age of conan, funcom, haikus, Innsmouth Press, James Lowder, Killer Works, long term, novels, Poe, Present Bias, pseudopod, Rise of the Godslayer, short term, snake brains, strangeness in the proportion, The Book of Dead Things, This Endless Present
Writing a novel is the agony of going against every hard-wired stitch of the cross-hatched, multi-billion-year-evolved survival instinct programming of immediate gratification. Writing a haiku, by comparison, is the bliss of being that much closer to the primal, monkey-brained drive that says, “Yes, I want to eat that snake’s head. I want to eat it now!”
I had recent occasion to experience both. I placed in a novel contest and a haiku contest.
Strangeness in the Proportion
Several years ago, I won a novel contest. Between the then and the now, on and off, I worked on various drafts of this novel with the publisher (White Wolf Games) and my editor, James Lowder. It was hard. Really hard. Nearly busted my brain a few times. Nothing for respect for anyone that has gone through this process.
This winter, my big hunk of scrawling became available. My mutant child is all ready for company. It’s called Strangeness in the Proportion. It is available, currently, as a 17 part serial over at White Wolf’s site.
You can find it HERE.
You can subscribe to the RSS feed HERE.
It’s received some nice comments so far. I will definitely feed it an extra bucket of fish heads tonight.
In my convalescence, as I strained foreign objects out of my liquid brains and funneled it back up my nose (using reversed Egyptian techniques), I wrote something much smaller, entering a contest calling for Edgar Allen Poe themed haiku. It was bliss. A quick burst of creativity, pen scratching, emailing, and then input and accolades.
Here are the haiku I entered:
I-love-you-nots. So in love,
I can’t hear the screams
The Eight Chained Ourangoutangs!
Dwarf love conquers all,
And smells of burnt hair.
“And I held illimitable
dominion over all.”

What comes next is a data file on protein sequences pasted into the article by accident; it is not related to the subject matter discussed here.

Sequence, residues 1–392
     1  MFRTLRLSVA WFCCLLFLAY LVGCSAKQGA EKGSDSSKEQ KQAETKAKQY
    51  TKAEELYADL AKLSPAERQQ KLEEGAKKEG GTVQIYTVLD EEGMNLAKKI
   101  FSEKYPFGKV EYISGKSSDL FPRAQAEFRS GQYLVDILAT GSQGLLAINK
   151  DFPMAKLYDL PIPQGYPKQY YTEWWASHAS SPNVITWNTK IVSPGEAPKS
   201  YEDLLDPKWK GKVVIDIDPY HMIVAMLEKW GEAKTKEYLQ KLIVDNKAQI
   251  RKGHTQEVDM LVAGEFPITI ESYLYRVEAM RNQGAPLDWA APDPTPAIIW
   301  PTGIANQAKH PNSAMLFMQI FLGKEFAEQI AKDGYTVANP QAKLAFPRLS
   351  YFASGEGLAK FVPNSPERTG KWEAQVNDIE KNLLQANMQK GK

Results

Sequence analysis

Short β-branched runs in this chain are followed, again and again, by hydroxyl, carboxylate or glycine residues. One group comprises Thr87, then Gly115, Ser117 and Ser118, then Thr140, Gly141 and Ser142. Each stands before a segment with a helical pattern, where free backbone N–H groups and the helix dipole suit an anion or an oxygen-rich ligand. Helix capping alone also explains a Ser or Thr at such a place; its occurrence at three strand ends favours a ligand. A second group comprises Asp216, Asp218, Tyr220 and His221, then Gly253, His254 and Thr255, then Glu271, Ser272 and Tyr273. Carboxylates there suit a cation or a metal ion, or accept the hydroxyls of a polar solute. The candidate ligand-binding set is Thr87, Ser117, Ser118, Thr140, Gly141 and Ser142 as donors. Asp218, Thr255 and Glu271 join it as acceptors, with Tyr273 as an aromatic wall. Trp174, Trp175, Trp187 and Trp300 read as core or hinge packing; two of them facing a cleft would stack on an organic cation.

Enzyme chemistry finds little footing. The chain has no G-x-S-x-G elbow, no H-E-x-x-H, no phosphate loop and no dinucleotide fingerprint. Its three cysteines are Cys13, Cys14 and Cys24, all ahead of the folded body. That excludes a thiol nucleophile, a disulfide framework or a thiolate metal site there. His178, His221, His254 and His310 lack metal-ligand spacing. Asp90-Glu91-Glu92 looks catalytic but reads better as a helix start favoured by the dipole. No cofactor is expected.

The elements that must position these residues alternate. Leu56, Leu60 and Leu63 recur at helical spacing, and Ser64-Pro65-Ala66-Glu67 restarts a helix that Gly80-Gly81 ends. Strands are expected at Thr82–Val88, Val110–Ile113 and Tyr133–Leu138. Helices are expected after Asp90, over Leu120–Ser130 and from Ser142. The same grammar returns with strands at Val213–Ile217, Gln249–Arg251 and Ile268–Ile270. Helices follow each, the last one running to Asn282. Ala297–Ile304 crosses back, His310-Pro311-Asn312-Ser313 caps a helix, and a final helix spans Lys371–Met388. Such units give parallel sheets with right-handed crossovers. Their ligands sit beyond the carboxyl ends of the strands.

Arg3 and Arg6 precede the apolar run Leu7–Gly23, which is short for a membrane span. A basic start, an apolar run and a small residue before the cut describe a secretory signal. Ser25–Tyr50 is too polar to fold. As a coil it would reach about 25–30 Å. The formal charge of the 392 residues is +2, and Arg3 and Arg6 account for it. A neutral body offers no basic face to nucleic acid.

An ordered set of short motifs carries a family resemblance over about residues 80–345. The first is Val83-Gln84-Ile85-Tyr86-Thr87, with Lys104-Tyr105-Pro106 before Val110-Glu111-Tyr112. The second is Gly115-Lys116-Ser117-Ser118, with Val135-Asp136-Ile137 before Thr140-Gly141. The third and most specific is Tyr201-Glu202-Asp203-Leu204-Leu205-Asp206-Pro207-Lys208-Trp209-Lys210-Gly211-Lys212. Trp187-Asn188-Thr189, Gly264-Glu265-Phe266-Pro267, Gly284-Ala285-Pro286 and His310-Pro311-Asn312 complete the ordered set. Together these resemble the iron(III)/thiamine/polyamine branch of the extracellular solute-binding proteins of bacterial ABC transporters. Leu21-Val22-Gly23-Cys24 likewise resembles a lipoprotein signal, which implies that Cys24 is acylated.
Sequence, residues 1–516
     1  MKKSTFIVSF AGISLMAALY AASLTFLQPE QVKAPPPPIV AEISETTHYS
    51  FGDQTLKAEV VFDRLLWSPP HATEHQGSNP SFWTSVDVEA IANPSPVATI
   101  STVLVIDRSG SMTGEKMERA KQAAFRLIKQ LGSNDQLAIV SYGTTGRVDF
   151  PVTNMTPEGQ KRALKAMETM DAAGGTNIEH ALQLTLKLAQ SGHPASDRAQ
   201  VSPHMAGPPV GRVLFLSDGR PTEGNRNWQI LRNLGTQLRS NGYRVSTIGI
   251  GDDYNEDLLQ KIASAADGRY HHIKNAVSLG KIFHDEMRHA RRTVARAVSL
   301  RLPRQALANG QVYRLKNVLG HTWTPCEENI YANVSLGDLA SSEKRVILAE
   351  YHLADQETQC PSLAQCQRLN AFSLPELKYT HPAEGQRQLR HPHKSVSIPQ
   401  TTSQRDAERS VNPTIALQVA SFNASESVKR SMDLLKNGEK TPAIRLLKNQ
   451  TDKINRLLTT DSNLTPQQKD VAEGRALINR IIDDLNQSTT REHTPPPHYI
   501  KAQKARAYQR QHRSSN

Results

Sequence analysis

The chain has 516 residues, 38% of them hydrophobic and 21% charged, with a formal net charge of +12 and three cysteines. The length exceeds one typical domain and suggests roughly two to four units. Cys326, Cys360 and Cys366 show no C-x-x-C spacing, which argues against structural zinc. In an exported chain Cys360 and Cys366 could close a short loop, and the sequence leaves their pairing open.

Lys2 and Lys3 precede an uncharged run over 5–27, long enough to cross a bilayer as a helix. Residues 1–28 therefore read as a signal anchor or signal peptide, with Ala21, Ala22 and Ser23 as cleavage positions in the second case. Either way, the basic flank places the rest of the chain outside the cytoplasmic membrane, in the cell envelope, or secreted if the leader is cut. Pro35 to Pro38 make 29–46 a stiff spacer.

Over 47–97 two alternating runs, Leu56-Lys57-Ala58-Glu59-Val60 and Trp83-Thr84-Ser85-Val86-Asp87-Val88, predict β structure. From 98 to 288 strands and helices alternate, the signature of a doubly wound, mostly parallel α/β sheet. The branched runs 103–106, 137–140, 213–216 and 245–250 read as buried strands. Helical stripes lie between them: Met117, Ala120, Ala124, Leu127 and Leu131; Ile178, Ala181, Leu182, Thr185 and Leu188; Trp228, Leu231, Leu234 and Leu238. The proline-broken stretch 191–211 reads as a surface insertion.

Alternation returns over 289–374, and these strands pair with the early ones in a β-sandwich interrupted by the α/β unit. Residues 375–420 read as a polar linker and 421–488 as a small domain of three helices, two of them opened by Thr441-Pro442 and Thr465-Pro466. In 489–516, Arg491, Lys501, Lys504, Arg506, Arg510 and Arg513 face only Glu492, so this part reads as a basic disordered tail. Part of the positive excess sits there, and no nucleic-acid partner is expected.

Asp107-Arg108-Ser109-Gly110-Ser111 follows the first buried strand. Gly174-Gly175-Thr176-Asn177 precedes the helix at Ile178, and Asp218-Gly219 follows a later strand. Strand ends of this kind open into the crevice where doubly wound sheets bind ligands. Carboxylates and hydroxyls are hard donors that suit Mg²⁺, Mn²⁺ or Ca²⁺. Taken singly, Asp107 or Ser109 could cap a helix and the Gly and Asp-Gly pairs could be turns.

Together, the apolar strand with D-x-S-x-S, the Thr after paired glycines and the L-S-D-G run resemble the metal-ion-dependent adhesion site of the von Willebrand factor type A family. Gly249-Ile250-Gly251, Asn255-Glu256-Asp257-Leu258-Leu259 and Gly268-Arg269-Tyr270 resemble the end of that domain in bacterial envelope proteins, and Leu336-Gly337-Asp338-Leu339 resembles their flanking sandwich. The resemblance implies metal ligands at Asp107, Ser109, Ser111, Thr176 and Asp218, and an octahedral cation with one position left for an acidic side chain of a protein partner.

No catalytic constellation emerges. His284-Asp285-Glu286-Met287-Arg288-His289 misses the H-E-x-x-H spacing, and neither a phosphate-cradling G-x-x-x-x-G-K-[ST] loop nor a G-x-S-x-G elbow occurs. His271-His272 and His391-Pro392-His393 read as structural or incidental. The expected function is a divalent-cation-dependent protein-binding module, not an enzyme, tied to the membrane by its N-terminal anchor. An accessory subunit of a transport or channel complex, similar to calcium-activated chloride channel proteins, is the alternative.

Red Death sits.
Black Death begins.
They made a mistake
T’was sharp senses, not madness
The heart beats. It waits.
I thank the practice I’ve received from lots of recent twitter-story (short stories in 140 characters) writing. Both forms call for the same discipline in implied story (to be discussed in an upcoming post).
The Present Bias
The human current human brain really isn’t any different than the one that sat in the skulls of our grandaddies n’ mommies who hunted mastodon. That brain still has trouble with the concept of the future. It’s predisposed to the now. That is the Present Bias. Big projects like novels go against that. So when is it worth transcending? When is it worth playing to the strengths of the now (and taking glorious 4th…er…half of 4th)?
Growing pains in the skull, right along the faultiness of the suture-cracks, that’s what you have to look forward too, but the agony is just a reminder that you are on to something better, bigger, if only can keep your focus and—
Google Me…No One’s Looking…
While we’re on the subject of places stained by my ink, let me list some other places that still feature my writing (as a way of assessing myself in the new year, a time to make resolutions of transcending snake brain mastication).
Over at the This Endless Present (an online publication dedicated to dreams), you can read about a nightmare I had (it’s in the first part of the 3rd issue). I don’t know whether to call the piece fiction, or what I should do with it. I woke up, during my first month in Norway, and jotted it all down, as fast as I could go, before I could forget. I don’t normally have nightmares (especially ones that follow so vivid a narrative). I like it though. There was no overactive self-editor, as I was half asleep. I just wrote.
I have an article on the joys of audio fiction up at KillerWorks.com.
My short story, “Blood, Snow, and Sparrows” can be read in The Book of Dead Things and can also be listened to on Pseudopod.
And still (Still!) I have a short story up at BloodlustUK.com, titled “Varmints”. It is the first thing I ever had published. Be gentle.
These days, my daytime gig is writing video game dialogue and story. For the last year and a half, I’ve worked for Funcom (in Norway and now in Montreal). I write for the Age of Conan MMO, mostly in the Rise of the Godslayer expansion, and on some upcoming material.
Very recently, I’ve been playing with an idea for an anthropamorphic animal story, but not a kids story. I think it has its roots in childhood viewings of the The Secret of NIMH and Watership Down.
That evil rabbit haunted my boyhood as much as any movie monster.
Sleep tight, lovelings.